A federal judge on Thursday dismissed Stan Lee Media’s multibillion-dollar lawsuit against Disney, potentially ending its long and confusing legal battle to claim ownership of the Marvel characters co-created by Stan Lee. The failed dot-com has had no connection to its co-founder and namesake in more than a decade; in fact, the two have sued each other on a few occasions.
As Deadline reports, in granting Disney’s motion to dismiss the 2012 copyright-infringement complaint, U.S. District Judge William J. Martinez didn’t attempt to hide his annoyance with the litigious Stan Lee Media, whose tangled web of lawsuits began it at least 2007, just months after the company emerged from federal bankruptcy protection.
“Plaintiff has tried time and again to claim ownership of those copyrights; the litigation history arising out of the 1998 Agreement stretches over more than a decade and at least six courts,” Martinez wrote in his 11-page order. “Taking its cue from the Southern District of New York and the Central District of California, this Court holds that Plaintiff is precluded from re-litigating the issue of its ownership of copyrights based on the 1998 Agreement …” He said it would be “futile” to permit Stan Lee Media to amend the lawsuit.
The dispute has its roots in Marvel’s 1998 bankruptcy, when CEO Isaac Perlmutter ended the $1 million-a-year lifetime contract with Lee, negating the legendary writer’s assignment to the company of his rights to his co-creations. It also freed Lee to form Stan Lee Entertainment, which later merged with Stan Lee Media, with infamous entrepreneur Peter F. Paul. That company in turned filed for bankruptcy in February 2001.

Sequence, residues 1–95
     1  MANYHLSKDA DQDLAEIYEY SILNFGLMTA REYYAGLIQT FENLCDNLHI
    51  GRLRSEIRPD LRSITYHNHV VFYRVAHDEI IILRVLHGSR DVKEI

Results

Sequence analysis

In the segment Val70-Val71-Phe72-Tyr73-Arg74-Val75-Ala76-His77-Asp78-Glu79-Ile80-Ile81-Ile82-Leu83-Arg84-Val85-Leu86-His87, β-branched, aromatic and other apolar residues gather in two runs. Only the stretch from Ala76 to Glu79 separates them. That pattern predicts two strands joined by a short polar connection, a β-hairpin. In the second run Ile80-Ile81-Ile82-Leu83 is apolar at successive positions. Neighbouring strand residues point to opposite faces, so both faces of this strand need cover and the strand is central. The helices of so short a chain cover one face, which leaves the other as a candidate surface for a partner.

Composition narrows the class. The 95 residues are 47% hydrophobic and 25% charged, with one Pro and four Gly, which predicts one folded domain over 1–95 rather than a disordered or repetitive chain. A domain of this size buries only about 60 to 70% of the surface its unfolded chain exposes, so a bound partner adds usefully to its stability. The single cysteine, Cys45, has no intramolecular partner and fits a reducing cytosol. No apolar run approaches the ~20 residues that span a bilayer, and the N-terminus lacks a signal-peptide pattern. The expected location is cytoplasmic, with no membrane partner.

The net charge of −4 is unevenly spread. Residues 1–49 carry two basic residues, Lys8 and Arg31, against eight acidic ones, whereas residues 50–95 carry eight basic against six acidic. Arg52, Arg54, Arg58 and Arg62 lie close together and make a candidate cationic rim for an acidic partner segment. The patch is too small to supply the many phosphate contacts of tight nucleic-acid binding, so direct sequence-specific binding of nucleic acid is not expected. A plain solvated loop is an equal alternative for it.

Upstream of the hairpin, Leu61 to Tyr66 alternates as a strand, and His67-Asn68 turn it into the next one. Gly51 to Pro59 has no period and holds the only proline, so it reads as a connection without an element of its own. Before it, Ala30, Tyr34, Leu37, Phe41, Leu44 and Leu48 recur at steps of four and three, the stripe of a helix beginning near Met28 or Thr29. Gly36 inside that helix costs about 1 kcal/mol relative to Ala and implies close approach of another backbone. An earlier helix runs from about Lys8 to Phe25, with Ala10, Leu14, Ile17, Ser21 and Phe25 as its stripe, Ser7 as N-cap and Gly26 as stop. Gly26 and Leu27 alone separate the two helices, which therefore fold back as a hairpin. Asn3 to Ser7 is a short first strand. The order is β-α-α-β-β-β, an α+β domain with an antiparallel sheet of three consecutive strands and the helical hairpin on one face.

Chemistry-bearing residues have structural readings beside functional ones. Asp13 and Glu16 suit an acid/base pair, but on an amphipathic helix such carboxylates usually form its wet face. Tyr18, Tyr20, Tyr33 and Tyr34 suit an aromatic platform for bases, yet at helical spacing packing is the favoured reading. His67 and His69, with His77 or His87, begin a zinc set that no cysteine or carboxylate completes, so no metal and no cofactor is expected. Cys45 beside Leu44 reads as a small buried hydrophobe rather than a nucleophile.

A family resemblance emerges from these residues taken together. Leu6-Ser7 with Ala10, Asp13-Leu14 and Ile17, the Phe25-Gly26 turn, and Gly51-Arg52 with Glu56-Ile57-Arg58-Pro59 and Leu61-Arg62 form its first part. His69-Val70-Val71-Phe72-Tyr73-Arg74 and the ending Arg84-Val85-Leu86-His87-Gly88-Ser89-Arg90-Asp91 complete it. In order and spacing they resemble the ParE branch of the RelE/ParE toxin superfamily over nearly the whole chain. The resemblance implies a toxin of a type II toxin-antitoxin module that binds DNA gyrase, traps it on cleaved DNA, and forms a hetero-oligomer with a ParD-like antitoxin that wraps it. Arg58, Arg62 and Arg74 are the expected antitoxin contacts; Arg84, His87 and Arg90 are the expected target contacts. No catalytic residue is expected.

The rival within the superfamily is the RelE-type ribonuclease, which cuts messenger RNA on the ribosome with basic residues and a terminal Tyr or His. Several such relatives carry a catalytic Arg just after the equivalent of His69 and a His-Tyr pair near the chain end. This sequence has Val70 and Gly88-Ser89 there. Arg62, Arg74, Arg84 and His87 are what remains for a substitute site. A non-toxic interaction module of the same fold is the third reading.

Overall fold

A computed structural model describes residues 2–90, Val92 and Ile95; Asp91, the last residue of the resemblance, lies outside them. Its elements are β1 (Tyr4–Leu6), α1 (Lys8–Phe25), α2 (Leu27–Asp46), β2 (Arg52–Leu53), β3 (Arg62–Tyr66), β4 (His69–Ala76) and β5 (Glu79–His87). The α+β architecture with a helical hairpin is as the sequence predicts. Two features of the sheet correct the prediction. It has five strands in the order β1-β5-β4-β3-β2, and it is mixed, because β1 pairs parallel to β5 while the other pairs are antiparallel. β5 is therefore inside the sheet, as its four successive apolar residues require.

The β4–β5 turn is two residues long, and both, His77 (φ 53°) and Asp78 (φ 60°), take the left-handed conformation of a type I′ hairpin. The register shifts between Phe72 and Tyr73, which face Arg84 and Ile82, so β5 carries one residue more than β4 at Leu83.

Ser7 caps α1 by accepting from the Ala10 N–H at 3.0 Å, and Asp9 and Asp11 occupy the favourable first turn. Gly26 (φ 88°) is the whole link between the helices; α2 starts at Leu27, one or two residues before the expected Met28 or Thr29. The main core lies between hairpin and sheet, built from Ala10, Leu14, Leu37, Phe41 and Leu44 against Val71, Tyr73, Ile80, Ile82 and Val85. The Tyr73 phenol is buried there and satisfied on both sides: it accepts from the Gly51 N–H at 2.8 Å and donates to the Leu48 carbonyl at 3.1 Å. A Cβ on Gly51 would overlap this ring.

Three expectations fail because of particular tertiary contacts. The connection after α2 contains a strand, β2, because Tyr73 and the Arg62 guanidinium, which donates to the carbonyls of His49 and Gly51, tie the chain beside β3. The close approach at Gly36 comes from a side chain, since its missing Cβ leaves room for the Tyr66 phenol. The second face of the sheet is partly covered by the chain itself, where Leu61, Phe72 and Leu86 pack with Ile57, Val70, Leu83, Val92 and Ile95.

All of the lawsuits filed by SLM’s shareholders hinge on a sequence of events that took place between August 1998, when Marvel terminated Lee’s employment, and November 1998, when Lee entered into a new agreement with the House of Ideas and signed over his likeness, and any claims to the characters. Stan Lee Media has long claimed that on Oct. 15, 1998, Lee transferred to that company the rights to his creations and his likeness (that’s the “1998 Agreement” Martinez references in his order). SLM asserted in its 2012 lawsuit that neither Marvel nor Disney, which bought the comic company in 2009, ever registered Lee’s November 1998 agreement with the U.S. Copyright Office. Therefore, the plaintiffs argued, they actually own the Marvel characters and were owed $5.5 billion in profits from such blockbuster films as The Avengers, X-Men: First Class and Thor, and the Broadway musical Spider-Man: Turn Off the Dark.
However, Martinez agreed with Disney’s claim that the 1998 agreement was vague — it merely referred to comic book characters that Lee “had previously created or would create” — and didn’t provide Stan Lee Media with the proof of ownership of a valid copyright required to file a copyright-infringement lawsuit.
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